Episode 9 features Dr Nicole Yap and patient Ayda Hornack, hosted by Wendy Squires.
This episode explores the role of the nipples in breast cancer and how Ayda’s treatment was impacted.
Dr Nicole Yap
Deborah Scott – Breast Care Nurse
Director of Photography
Hair and Makeup
Geri Leijon of Wesson Boutique
Michael De Florio
Wendy Squires (00:10):
Welcome. My name is Wendy Squires and I’ve been a journalist for more than 30 years covering women’s health issues, which is why I have the great pleasure of introducing Dr Nicole Yap, a highly respected breast doctor and surgeon. Dr. Yap is a specialist in oncoplasty, which involves removing cancers with pleasing aesthetic results for patients after training in both plastic surgery and general surgery. Dr. Yaps techniques were refined whilst working in the European Institute of Oncology in Milan, at the Royal College of Surgeons in London and working with world-renowned experts in the field in Paris and Lyon. Amongst her many accolades Dr. Yap was the deputy chair of the Victorian branch of the Royal Australasian College of Surgeons, and it’s representative on the Cancer Council Victoria medical and scientific committee. She is also Pink Hope expert advisor and vice president of the Medico Legal Society of Victoria. Today Dr. Yap is known for providing bespoke breast care. In other words, individually catering, not only to patient’s medical issues, but also how they want to look and feel after treatment, as she is adamant that one size doesn’t fit all when it comes to breasts.
Wendy Squires (01:28):
Today I’m here with Dr. Yap and her patient, Ayda Hornak, and we’re going to be talking about something that doesn’t get discussed enough in regards to the breast, and that’s a nipple and areola. Dr. Yap what can affect the nipple and areola? What sort of things do you see?
Dr Nicole Yap (01:46):
Well, a lot of people don’t present that early with problems because you can have congenital benign problems and you can have a cancer or problems associated with cancer of the breast. So with regards to the benign sorts of things, the nipple, for example, can be inverted and can be inverted at a very early age. So the reason why people don’t present at an early age with this, even though they may be embarrassed, is because I think that’s just normal for them.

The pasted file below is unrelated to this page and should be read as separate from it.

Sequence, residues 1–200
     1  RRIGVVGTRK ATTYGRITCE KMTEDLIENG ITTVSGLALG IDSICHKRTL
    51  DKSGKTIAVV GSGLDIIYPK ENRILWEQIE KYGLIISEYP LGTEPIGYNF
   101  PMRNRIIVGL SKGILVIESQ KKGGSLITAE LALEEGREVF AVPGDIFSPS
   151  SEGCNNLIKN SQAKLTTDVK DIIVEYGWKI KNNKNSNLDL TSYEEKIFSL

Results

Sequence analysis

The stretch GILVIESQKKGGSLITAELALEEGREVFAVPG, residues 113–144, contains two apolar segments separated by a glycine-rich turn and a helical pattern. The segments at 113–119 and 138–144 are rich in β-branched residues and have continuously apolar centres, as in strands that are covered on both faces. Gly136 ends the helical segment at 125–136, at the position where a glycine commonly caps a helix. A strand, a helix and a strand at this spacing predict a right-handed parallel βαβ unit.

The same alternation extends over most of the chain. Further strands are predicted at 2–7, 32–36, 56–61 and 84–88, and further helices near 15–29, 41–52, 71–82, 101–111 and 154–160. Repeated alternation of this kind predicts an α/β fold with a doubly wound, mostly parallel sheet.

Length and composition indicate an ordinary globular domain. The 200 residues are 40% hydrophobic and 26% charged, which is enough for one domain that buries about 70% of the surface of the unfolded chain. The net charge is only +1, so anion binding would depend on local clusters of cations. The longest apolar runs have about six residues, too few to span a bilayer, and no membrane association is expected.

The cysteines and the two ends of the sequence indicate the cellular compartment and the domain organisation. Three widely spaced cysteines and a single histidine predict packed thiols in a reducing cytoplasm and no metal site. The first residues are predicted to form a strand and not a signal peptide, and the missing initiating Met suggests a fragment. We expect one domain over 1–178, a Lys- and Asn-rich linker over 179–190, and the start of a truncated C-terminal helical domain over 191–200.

Wendy Squires (02:19):
So you can tell me what is an inverted nipple? What does it look?
Dr Nicole Yap (02:22):
Well a nipple that is everted, that is out, it looks like a little so-called bump appendage on your skin, or on the areola, but an inverted one is when it’s sunk down and the surface is more or less flat and you can’t see that protrusion, but the nipple is still formed, but it’s sunken inside.
Wendy Squires (02:43):
And is that a problem?
Dr Nicole Yap (02:44):
Well, if it’s there for a long time, it’s congenitally, then probably isn’t a problem. And it’s just due to the fact of the structure of the area around it. But if it was never like that, and a specifically if it’s occurred only on one side as you get on in life, then it could be due to the fact that there could be an underlying cancer that’s pulling it down. And that’s when that’s one of the signs that you should present with, if you’re concerned about any breast disease.
Wendy Squires (03:17):
That’s fascinating, I never knew that. And what other issues can affect the nipple?
Dr Nicole Yap (03:21):
Well, the other thing is people can present with nipple discharge. So nipple discharge comes in a variety of ways, so it can be clear, it can be milky, yellow, green. These are generally benign causes, clear can be associated with a cancer that’s inside the duct. And of course, bloody discharge. Now if you have bloody discharge we are always very concerned about that, because bloody discharge can either come from an otherwise benign, but turning into a cancer papilloma. Papilloma is an outgrowth of the lining of the milk duct, okay, so if you know about having polyps in the bowel, a polyp is an outgrowth in the lining of the bowel, we always remove them because they may turn into a cancer. Well similar with papillomas. We try to remove them and they commonly present as nipple discharge, it doesn’t have to be blood. It can be just clear. And so all discharged should be checked.
Wendy Squires (04:34):
Is discharged common in a nipple?
Dr Nicole Yap (04:36):
Yes, because it can also be physiological. It can just be normal. So people can have normal, white, yellow discharge, and that can happen even after, similar to breastfeeding. But people say “I’m just still producing milk and I haven’t been breast feeding for a while.” That can be within the norm, but never assess it yourself, always get it checked, and checking requires sometimes taking a sample and checking it for cytology and definitely having a mammogram and an ultrasound and sometimes an MRI of the breast.
Wendy Squires (05:13):
I’ve heard of horrible stories regarding what happens to the nipple during cancer surgery, or even some aesthetic breast surgeries. Can you tell me, is it true that they need to be removed from the body and put on ice and all of these sorts of things that I’ve heard over time and, Ayda feel free to talk to us about your journey with your cancer surgery and what happened to your nipples in this instance, because I do know that there are some frightening stories out there, and I think it’s a great opportunity to clear the air.
Dr Nicole Yap (05:45):